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Tracking spatial and temporal variability of H₂O and CO₂ from the flyby of Comet Hartley 2

Presentation #101.03 in the session Cometary Volatiles.

Published onOct 20, 2022
Tracking spatial and temporal variability of H₂O and CO₂ from the flyby of Comet Hartley 2

Cometary activity is driven by the sublimation of ices originating from the formation of the Solar System. Studying cometary comae allows one to make inferences about the composition and compositional history of the cometary nucleus. The presence of different species of volatile gas and their mixing ratios can provide insight as to the degree of heterogeneity within a cometary nucleus and ultimately where in the protosolar nebula a comet formed.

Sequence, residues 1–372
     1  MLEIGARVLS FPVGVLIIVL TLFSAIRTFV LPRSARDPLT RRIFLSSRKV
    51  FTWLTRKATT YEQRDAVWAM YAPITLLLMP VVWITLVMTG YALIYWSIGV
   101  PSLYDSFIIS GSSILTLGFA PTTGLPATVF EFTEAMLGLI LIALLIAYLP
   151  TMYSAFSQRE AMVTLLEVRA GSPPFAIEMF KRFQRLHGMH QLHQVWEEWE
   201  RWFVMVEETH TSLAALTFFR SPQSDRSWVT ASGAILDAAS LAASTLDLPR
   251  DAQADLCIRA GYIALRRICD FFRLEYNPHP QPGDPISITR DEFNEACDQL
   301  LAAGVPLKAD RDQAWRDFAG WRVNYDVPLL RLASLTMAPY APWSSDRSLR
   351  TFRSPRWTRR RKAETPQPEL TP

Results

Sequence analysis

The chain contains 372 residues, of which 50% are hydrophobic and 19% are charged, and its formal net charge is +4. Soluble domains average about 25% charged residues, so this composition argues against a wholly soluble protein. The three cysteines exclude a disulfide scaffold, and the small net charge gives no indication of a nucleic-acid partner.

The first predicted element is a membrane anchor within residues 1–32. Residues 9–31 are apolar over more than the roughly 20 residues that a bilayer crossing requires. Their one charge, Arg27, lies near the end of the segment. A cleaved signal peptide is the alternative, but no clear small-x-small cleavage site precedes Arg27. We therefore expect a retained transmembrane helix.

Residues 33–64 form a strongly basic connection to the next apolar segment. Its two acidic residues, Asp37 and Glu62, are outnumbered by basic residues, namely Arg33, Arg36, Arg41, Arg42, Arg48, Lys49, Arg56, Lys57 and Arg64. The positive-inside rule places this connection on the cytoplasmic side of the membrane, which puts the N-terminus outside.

Comet 103P/Hartley (H2) is a Jupiter-family comet in a complex rotation state with an orbital period of 6.46 years and perihelion distance 1.061 AU. The Deep Impact spacecraft performed a flyby of H2 (4 Nov 2010) collecting data for 56 days during its perihelion passage (28 Oct 2010). During this time, the spacecraft scanned the comet with an infrared spectrometer (HRI-IR). 24 days of IR observations were systematically calibrated, 1321 spatial/spectral cubes in total, and a spectral continuum removal analysis was performed to measure the time-varying distribution of water vapor (H2O, 2.59–2.77 μm) and carbon dioxide (CO2, 4.17–4.31 μm) in the comet’s coma. Aperture analyses were performed to produce lightcurves of the two gas species. The lightcurves exhibit a peculiar 3-peaked pattern, whose periods are consistent with the rotation rates of the comet nucleus. Comparing the two species against one another shows CO2 brightness is more tightly coupled to the rotation of the nucleus, consistent with the observation of a CO2 jet originating from the small lobe of H2’s bilobed nucleus. The H2O lightcurve is less coherent than the CO2, suggesting H2O distribution is more diffuse and consistent with the notion of multiple water vapor sources in the observations. More work is necessary to fully characterize the distribution of these volatile gases, its relation to the motion and geometry of the cometary nucleus, and ultimately determine the source locations of the volatiles in greater detail using the spatial maps of the volatile gases.

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